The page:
How to Read Music Notes
By: Kelly Shearer
Today I am here to talk about the process of reading music notes. The first thing you must do is be able to recognize the different placements of notes. This is a standard five line music staff in which the notes will be placed on so that a musician can read and play at the same time. Each line on the staff represents a different note. This is a Treble Clef (Show prop). For a staff with a Treble Clef on the far left side, from bottom to top, the notes are E, G, B, D, and F. This can be remembered by the rhyme “Every Good Boy Deserves Fudge.” Similarly, each space on the staff also represents a note. From bottom to top the notes are F, A, C, and E. This can be remembered by the word “Face.” As you look at the notes, you can see a pattern of E, F, G, A, B, C, D, E and F.
When you see a Base Clef on the far left of the music staff the note placement is not the same as with a Treble Clef. The lines from bottom to top represent the notes G, B, D, F, and A. This can be remembered by the rhyme “ Good Boys Deserve Fudge Always.” The spaces on the staff can be represented by the notes A, C, E, and G, from bottom to top. An easy way to remember this is by the rhyme “All Cows Eat Grass.” Once again there is a pattern that follows G, A, B, C, D, E, F, G, and A.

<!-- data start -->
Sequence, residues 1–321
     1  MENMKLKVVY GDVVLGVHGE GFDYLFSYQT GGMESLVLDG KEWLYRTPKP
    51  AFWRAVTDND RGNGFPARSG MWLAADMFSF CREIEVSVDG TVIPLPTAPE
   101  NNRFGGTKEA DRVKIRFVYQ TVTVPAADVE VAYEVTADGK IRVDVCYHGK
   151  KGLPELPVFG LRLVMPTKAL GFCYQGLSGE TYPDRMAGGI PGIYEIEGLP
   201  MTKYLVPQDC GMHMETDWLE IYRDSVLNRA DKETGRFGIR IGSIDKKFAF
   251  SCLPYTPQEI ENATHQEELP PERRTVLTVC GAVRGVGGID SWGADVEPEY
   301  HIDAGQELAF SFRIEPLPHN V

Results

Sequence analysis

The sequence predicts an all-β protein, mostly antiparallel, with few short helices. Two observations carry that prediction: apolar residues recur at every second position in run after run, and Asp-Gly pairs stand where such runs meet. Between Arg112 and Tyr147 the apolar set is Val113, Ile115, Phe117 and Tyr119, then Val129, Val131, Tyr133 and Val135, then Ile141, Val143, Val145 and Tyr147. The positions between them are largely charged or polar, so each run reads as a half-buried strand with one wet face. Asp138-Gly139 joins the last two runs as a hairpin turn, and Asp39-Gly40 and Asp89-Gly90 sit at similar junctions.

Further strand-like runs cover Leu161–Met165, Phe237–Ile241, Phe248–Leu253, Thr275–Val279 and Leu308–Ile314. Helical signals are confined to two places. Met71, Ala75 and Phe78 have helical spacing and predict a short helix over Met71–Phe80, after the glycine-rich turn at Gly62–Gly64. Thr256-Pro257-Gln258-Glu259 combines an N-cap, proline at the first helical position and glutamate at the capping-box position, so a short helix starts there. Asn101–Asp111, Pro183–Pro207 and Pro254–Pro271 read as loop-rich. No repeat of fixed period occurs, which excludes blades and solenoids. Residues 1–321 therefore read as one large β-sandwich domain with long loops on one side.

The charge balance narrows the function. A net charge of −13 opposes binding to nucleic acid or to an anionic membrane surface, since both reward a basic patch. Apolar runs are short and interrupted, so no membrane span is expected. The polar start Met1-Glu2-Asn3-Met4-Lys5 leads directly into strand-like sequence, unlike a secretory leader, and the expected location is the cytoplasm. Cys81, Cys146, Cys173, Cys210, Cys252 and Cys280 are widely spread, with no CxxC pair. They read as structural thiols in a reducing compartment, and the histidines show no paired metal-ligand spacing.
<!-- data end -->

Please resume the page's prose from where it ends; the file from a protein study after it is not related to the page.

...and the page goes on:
The next step in learning to read music is identifying the different types of notes. A whole note looks like an open egg. A half note is the same as the whole note with a vertical line attached to it. A quarter note is same as a half note except the circle is filled in. An eighth note is the same as a quarter note but with a curly off the line. A sixteenth note is the same as the eighth note, but has double curlies. Both eighth and sixteenth notes can be grouped in 2, 3, or 4.
Next, you must learn how to read time signatures. Time signatures let you know how many beats there are per measure. A measure defined as being the space in...
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